Link to post
Share on other sites

Bit of a conflict in your requirements. If you want to view DSO's you need aperture and aperture requires a good tripod which equals weight which means it's not easily portable. Could I suggest you look at a decent all-round scope for your first purchase and just start enjoying it? I have a 200mm reflector which is a beast to set up and align (although the views are wonderful and worth the effort), so recently I bought an ETX 125 which I can pick up, attached to it's tripod, carry out to my patio and have set up inside five minutes. It mightn't have the light gathering capacity of the 200, but never-the-less I'm getting far more use out of it, and if your time is limited, then that's a major consideration for you. Get something fool-proof and well sorted and if you can throw it in the back of the car, you'll still use it even if you get something bigger down the line.

Share this post


Link to post
Share on other sites

I use a cullman titan tripod at 4kg it is not light but it is still portable. but with a carrying weight of 30kg they are strong enough to take any portable scope comfortably they are difficult to get in england but come up very often in ebay.de expect to pay £100-200. I know somebody who used to use one for a 6" apo refractor although that was decidedly not a backpack portable scope.

Share this post


Link to post
Share on other sites

I think you've set out a tough set of criteria... And I'm going to go against the grain here, and instead of a telescope suggest a pair of binoculars. They are very simple and easy to setup, nothing faster. A pair of 10x50's will allow you to "see" (sort of) faint stuff... M81 and M82 as tiny faint grey spots, clusters are spectacular though. Even if at some stage in the future you invest in a large setup etc, a pair of binoculars will still get a lot of use (mine do). You can mount them on a tripod, a monopod, or even a broom... or even laying on a camping mat on the ground is actually a very easy way to use them.

An ST80 is pretty light weight, will fit in a maplin flight bag, along with all the kit and caboodle needed, but will require a fairly decent tripod. And that's a lot more weight to carry. The Celestron Travelscope may be suitable, http://stargazerslounge.com/topic/51264-celestron-travelscope-70/page__hl__celestron%20travelscope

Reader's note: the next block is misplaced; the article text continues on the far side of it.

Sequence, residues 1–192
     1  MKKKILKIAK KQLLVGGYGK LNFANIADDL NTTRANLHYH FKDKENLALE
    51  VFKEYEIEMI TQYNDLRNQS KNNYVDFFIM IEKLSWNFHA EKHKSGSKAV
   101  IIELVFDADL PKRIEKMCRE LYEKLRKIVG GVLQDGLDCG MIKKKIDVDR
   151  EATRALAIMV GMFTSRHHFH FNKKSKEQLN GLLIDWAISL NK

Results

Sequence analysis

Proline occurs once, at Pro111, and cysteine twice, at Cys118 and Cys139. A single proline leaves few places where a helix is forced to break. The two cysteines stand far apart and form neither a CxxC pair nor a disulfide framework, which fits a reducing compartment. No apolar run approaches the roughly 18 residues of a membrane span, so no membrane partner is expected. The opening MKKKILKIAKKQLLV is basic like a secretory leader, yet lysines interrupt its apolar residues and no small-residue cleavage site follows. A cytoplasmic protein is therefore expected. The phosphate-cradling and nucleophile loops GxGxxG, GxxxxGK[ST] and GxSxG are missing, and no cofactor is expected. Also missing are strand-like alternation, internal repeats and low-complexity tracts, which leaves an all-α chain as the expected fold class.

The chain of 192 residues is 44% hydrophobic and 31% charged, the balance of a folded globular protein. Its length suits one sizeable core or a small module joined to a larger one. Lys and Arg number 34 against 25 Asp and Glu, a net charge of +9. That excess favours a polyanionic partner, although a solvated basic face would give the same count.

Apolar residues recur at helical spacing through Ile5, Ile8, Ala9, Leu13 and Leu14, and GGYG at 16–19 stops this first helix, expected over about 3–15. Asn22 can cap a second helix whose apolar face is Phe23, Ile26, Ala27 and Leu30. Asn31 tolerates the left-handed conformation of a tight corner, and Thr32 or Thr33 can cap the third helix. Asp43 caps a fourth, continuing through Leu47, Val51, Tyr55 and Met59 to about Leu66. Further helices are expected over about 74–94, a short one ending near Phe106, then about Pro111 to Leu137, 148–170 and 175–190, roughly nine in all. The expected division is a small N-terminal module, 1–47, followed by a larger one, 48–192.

Share this post


Link to post
Share on other sites

I have very little knowledge compared to all here. I did spot something today tho which might fit your bill: Ikharos 70mm ED refractor + its case/ would fit in a backpack & apparantly VG for dso. It looked serious quality (compared to my big cheapo-but-fine newtzilla then) the focuser esp so. S/h £200 + a 90*EP mirror thingy + small finder thingy. Ive no idea if a good deal but so compact ~10" long. It looked and felt like an item made of proper solid stuff/ made to last. japanese made- i think. really very nice indeed.

Share this post


Link to post
Share on other sites

I love binoculars, being a portable astronomer myself I regularly go out with 10 x 50's at a dark site or 20 x 80's in a city location can cut through the light pollution quite well for a look at the milky way however what they can't do unless you get very high end ones is let you get in a bit closer to that object that has caught your interest and have a bit of a study. A decent 80 mm refractor with a good zoom and decent tripod is at least as portable as 20 x 80's on a tripod and a lot more versatile. Each have their uses But unless you get very high high end bins with removable eyepieces I don't think they are as versatile as a scope. just my opinion.

Share this post


Link to post
Share on other sites

The one that springs to mind for fitting part of the requirement at least is the Meade ETX80 backpack edition, everything including tripod is in its own little rucksack.

Share this post


Link to post
Share on other sites

Thread resurrect :)

I too want an ultra GnG setup, a backpack setup actually, to take it on small trips into the mountains (yea.. pitch black site:))

This is what I came up:

-the backpack (note the tripod and some EP and filters pockets)

-102 f7 APO (4.5kg)

-Baader Zoom and diagonal (1kg)

-a laser (there is nobody there :tongue: )

-GIRO mini head (1kg)

-foto tripod (rated 10kg, weights 2.5 kg)

-counterweight ans shaft (2kg)

TOTAL 11kg

O course my other stuff (clothes and such) is to be put in my companion backpack (we call it "The Mothership") :grin:

I will not carry a chair since I will sit low, on the grass (on a neoprene rug).

If anyone did something similar, please share your opinions, especially difficulties encountered.

post-25039-0-85014600-1365342293_thumb.j

post-25039-0-08316900-1365342402_thumb.j

post-25039-0-96783000-1365342518_thumb.j

Share this post


Link to post
Share on other sites

Join the conversation

You can post now and register later. If you have an account, sign in now to post with your account.

Guest
Reply to this topic...

×   Pasted as rich text.   Paste as plain text instead

  Only 75 emoji are allowed.

×   Your link has been automatically embedded.   Display as a link instead

×   Your previous content has been restored.   Clear editor

×   You cannot paste images directly. Upload or insert images from URL.


  • Recently Browsing   0 members

    No registered users viewing this page.

×
×
  • Create New...

Important Information

By using this site, you agree to our Terms of Use.